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Why Nifty 50 plus Nifty Next 50 isn’t equal to Nifty 100 –

In a way, 50 companies of the Nifty 50 and the next 50 firms of the Nifty Next 50 form the top 100 companies. Many people assume that the Nifty100 index is all about a combination of these two benchmarks. But is it?

Is Nifty 100 made up of all companies that are part of Nifty 50 and Nifty Next 50? Yes. Does that mean that investing in Nifty100 means exactly the same as investing in Nifty50 plus Nifty Next50? No. Sounds odd? Stay with me.

I will explain why investing in Nifty 100 isn’t exactly the same as investing in Nifty 50 and Next 50 separately.

Portfolio weightages vary

Now, even though all 50 companies each of Nifty 50 and Next 50 are part of the Nifty 100, the same weights of individual indices are not replicated in the larger Nifty 100 index. That is, the weightages of stocks in the Nifty 100 will not be the exact sum of weightages of the same stocks in their individual indices.

As an example, I have taken three representative index funds for all three indices and compared their portfolios. I have chosen the following funds

-HDFC Nifty 50 Index Plan (as representative of Nifty 50)

-ICICI Prudential Nifty Next50 Index Fund (as representative of Next 50)

-Axis Nifty 100 Fund (as representative of Nifty 100)

Now have a look at the portfolio comparison for these indices below:

-No stock of Nifty 50 is part of the Next 50. Also, no stock of Next 50 is part of Nifty 50. That is, there are zero overlaps between these two indices.

-All 50 stocks of Nifty 50 are part of Nifty100. Also, all 50 stocks of Next 50 are part of Nifty100.

The weightage of the 50 stocks of Nifty 50 in the Nifty100 is more than 85 percent. Consequently, the remaining 15 percent of the Nifty100 weight is made up of the 50 stocks of the Nifty Next 50 index.

And that is the most important observation here.

Many clients ask me: If I have to invest in both Nifty50 and Next50, isn’t it simpler to just invest in one Nifty100 index?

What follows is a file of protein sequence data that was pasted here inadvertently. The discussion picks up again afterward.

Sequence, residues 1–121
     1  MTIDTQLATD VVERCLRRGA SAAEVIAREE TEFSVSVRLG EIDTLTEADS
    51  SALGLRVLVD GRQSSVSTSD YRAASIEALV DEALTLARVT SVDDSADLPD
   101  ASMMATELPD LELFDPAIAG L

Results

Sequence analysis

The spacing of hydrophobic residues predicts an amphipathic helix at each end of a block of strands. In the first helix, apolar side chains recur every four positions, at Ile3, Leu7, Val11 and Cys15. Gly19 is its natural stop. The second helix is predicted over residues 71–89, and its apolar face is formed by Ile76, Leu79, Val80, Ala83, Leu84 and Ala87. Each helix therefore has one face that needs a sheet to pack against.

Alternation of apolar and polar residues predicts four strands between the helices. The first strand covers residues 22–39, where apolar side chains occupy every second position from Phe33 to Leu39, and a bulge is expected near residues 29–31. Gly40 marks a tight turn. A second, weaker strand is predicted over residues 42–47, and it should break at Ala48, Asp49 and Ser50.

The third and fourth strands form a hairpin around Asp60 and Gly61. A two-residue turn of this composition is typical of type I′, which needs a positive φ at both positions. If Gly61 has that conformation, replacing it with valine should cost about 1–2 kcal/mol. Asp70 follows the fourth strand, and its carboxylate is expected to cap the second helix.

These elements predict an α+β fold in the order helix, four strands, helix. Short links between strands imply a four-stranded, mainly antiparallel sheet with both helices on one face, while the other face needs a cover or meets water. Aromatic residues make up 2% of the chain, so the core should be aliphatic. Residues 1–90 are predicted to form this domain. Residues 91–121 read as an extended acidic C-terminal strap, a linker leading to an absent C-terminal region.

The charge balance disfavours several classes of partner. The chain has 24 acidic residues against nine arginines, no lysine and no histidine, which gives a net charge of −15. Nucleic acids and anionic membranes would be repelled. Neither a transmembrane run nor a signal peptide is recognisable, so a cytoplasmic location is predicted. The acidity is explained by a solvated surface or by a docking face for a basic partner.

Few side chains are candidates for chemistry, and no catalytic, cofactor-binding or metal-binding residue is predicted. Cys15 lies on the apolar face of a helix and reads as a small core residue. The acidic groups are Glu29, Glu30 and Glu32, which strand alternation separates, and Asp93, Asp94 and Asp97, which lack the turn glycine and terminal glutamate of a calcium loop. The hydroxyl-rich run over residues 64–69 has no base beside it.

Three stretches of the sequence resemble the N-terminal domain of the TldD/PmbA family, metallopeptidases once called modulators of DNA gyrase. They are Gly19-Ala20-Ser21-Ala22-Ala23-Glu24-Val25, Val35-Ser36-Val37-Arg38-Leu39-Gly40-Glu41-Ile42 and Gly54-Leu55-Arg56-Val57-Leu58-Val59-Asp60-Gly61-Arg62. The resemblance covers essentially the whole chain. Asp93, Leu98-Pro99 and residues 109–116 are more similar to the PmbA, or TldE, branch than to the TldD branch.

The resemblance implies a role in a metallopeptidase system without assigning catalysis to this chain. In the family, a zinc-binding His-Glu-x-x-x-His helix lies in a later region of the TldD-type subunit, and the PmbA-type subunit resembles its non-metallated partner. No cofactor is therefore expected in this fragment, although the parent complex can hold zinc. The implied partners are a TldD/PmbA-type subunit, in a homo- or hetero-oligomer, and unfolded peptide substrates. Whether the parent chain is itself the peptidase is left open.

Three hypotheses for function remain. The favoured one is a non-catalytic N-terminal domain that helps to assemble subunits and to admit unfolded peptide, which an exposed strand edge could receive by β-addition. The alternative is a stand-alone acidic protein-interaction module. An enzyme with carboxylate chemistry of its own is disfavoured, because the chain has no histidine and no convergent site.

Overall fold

As you have seen now, it isn’t the same.

Disproportionate exposure

So, if you invest in a Nifty100 index fund, then you get 85 percent exposure to the Nifty 50 and only 15 percent to Next 50. Another way to look at it is that if the Nifty50 does well, then Nifty100 will do very well too as it’s made up primarily of Nifty 50. But in a hypothetical scenario where Nifty 50 does poorly and Next 50 does well, the combined Nifty 100 will do poorly, too, as only 15 percent of Nifty 100 is made up of the performing Next 50 index.

Indian indices are top-heavy; they have inherent concentration risk where the top few companies have a lot of weightage in the indices. Let’s analyse the three indices from that angle.

-The top-10 stocks of Nifty 50 have 55-60 percent weightage in Nifty 50.

-The top-10 stocks of Nifty Next 50 have 30-35 percent weightage in Nifty Next 50.

-But if you see the weightages of top-10 stocks of either index in the combined index of Nifty 100, then you will find that the top-10 stocks of Nifty 50 form 50 percent of Nifty 100, while the top-10 stocks of Next 50 account for only about 5 percent of Nifty 100.

From a risk or volatility perspective, too, things get skewed in favour of Nifty 50 in Nifty 100. The Nifty 50 is made up of large-caps and due to its high weightage, its risk profile is replicated in Nifty 100. But the Next 50 (even though made up of 51-100 large-cap companies) behaves more like a mid-cap index with higher levels of volatility. But due to the lower 15 percent weightage in Nifty100, it doesn’t impact Nifty100’s nature much.